During the past week we have seen video clips of NASCAR racers Kyle Larson and Christopher Bell taking wild rides as they raced Midget Sprint Cars in New Zealand. And as is often the case whenever high-profile drivers are involved in incidents away from NASCAR, the opinions regarding whether they should have even been participating arise.
Larson emerged from his accident a bit battered and bruised with a black eye being the obvious sign that something had gone wrong. Despite that, he continued to race and to win “Down Under”.
For his part, Bell left New Zealand and headed back home with some reports saying he was told to leave by his management team while other reports say that he chose to return to the U.S. on his own.
It’s easy to argue that NASCAR drivers, particularly Cup Series regulars, should not take part in such events as Midget races in New Zealand, the Chili Bowl Nationals held each January in Oklahoma, and even the Knoxville Nationals. Obviously, there is the risk of injury in such races.
On the other hand, an argument could be made that the driver’s mental state is every bit as important as his/her physical state. Larson, Bell and earlier stars such as Tony Stewart and Kasey Kahne have maintained that racing in other types of events not only keeps them sharp but also makes them happy.
Likely no one argue that job performance improves when the worker’s is in a good frame of mind, no matter what the profession.
After all, racers like to race. And that fact is not only true of those who cut their racing teeth on dirt but also of those whose past experiences go back to road courses or paved short tracks. Keeping the idea that having a happy driver is important to overall job performance, taking that away from them could be more risky over the long term than just going ahead and letting them do what they love.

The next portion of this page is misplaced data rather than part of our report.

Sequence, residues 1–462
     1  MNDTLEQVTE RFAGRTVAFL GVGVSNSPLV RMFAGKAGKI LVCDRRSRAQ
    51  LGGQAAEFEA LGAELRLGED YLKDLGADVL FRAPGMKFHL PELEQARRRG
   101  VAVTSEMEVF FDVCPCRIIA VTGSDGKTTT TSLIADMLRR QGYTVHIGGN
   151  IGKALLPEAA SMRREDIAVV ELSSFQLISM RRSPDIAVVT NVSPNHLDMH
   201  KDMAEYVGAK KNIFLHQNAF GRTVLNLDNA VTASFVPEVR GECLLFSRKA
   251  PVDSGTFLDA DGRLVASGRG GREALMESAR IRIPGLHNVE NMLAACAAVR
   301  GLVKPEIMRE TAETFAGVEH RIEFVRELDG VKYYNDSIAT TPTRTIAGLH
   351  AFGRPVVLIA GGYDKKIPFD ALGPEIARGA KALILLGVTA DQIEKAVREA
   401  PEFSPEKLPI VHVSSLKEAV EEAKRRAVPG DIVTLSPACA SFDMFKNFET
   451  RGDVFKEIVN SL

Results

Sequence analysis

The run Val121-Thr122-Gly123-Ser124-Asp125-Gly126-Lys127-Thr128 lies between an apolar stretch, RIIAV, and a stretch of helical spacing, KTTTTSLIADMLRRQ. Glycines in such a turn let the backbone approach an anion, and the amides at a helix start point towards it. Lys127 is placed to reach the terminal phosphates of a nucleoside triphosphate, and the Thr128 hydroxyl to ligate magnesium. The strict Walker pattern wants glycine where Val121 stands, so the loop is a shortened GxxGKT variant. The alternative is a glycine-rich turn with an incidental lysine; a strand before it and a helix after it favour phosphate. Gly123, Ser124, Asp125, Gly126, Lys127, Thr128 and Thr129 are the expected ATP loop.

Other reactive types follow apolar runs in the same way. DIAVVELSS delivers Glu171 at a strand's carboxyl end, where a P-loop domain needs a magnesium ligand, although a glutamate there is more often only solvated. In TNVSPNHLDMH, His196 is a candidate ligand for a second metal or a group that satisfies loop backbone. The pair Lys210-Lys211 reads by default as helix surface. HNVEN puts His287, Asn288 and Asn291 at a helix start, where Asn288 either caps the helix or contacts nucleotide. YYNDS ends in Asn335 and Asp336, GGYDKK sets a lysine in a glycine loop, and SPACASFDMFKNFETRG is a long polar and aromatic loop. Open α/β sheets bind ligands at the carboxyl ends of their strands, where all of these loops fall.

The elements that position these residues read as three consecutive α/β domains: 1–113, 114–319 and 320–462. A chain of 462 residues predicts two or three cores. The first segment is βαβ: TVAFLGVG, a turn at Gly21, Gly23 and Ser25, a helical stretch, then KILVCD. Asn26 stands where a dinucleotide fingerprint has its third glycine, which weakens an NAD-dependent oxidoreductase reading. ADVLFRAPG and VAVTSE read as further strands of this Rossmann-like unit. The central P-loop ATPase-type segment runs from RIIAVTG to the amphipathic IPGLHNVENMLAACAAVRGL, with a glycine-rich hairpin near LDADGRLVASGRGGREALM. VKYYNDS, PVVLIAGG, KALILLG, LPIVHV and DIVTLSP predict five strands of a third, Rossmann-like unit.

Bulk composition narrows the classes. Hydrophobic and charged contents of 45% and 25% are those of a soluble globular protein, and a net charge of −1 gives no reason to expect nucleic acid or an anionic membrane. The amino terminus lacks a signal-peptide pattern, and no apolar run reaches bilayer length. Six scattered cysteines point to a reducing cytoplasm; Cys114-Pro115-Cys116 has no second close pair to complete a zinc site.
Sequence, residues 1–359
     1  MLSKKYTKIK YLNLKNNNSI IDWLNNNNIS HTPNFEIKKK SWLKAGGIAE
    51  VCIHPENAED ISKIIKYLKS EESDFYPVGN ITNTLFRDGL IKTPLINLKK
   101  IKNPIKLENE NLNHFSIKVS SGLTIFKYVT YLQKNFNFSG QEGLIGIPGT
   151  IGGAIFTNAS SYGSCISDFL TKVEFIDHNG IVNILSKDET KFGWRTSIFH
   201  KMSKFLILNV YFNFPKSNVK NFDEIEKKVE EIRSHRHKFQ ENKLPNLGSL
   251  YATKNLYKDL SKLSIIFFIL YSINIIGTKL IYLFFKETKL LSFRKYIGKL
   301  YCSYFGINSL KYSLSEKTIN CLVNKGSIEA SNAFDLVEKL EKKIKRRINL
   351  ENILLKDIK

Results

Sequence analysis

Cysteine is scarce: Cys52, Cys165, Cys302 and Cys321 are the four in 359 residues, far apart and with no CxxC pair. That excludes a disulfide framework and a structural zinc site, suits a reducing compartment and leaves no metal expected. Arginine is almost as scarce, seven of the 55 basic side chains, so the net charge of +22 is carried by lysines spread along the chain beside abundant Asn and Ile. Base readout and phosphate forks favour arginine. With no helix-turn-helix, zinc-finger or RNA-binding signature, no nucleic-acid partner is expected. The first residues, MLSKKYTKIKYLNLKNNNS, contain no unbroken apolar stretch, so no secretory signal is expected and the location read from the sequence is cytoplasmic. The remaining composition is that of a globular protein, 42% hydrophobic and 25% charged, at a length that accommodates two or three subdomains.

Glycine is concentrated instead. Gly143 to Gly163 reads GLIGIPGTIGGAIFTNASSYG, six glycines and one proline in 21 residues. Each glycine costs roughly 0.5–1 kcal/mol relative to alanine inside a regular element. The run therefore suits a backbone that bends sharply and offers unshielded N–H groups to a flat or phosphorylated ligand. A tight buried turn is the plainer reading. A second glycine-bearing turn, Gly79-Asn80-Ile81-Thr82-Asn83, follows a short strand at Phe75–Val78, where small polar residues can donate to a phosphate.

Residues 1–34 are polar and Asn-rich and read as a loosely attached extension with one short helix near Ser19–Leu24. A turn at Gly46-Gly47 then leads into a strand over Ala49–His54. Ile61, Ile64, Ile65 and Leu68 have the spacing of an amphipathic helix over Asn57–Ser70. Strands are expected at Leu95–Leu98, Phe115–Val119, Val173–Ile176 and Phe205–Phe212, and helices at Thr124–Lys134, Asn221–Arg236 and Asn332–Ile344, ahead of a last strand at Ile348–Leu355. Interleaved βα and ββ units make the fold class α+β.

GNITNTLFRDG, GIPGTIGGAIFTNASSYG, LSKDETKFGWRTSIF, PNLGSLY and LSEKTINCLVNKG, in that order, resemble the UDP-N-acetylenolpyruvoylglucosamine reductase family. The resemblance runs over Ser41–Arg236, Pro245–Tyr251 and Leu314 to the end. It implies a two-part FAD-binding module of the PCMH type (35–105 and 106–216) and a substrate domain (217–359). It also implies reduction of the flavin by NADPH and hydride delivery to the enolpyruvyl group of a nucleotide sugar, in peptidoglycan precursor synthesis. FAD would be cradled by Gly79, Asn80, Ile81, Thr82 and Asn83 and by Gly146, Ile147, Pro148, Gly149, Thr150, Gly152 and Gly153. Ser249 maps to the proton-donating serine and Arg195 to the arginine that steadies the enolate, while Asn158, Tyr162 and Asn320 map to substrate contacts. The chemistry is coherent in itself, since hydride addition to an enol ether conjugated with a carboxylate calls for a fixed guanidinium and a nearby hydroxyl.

But if the argument is going to be made that a NASCAR Cup Series driver should not be allowed to race on dirt should it not also be made that those same drivers should not be permitted to drive any other type of race car? Consider that some of the most serious injuries to drivers apart from the Cup Series did not come on dirt.
Kyle Busch badly injured his legs in a NASCAR Xfinity Series race at Daytona back in 2015. Dale Earnhardt, Jr. had to go to a hospital after the Corvette he was driving in an American LeMans Series race on the road course at Sonoma caught fire. For that matter, Larson was extremely lucky to not be seriously hurt in a crash on the last lap of an Xfinity race at Daytona in 2013.
For whatever reason, there seem to be some who are offended by the fact that a few NASCAR drivers want to race on dirt. But then again, the reverse can be said of some dirt enthusiasts who are very much biased against anything NASCAR related. So, at least for some, this sentiment against drivers in other forms of racing is more of a NASCAR vs. dirt issue as much as anything else.
But a bigger issue involved in this conversation is the feeling of sponsors and team owners regarding Cup Series drivers competing in other forms of racing. In some instances, the sponsors may see an opportunity for cross marketing to both fan bases. But in situations where such an opportunity does not exist, a NASCAR team’s backer might more reluctant to allow such moonlighting.
Obviously, that is a significant point.
Sponsorship approval issues aside, if a NASCAR Cup Series driver wants to race on dirt, in the 24 Hours of Daytona, or in the Snowball Derby the risks are hardly greater than allowing them to participate in the Xfinity Series, the NASCAR Gander Outdoors & RV Truck Series, or just about any other form of racing.
The bigger risk may actually come from holding them back and creating a disgruntled employee whose job performance might fall off.
Bottom line- if they want to race, let them race as long as there are no direct conflicts with the Cup Series obligations.
Richard Allen is a member of the National Motorsports Press Association
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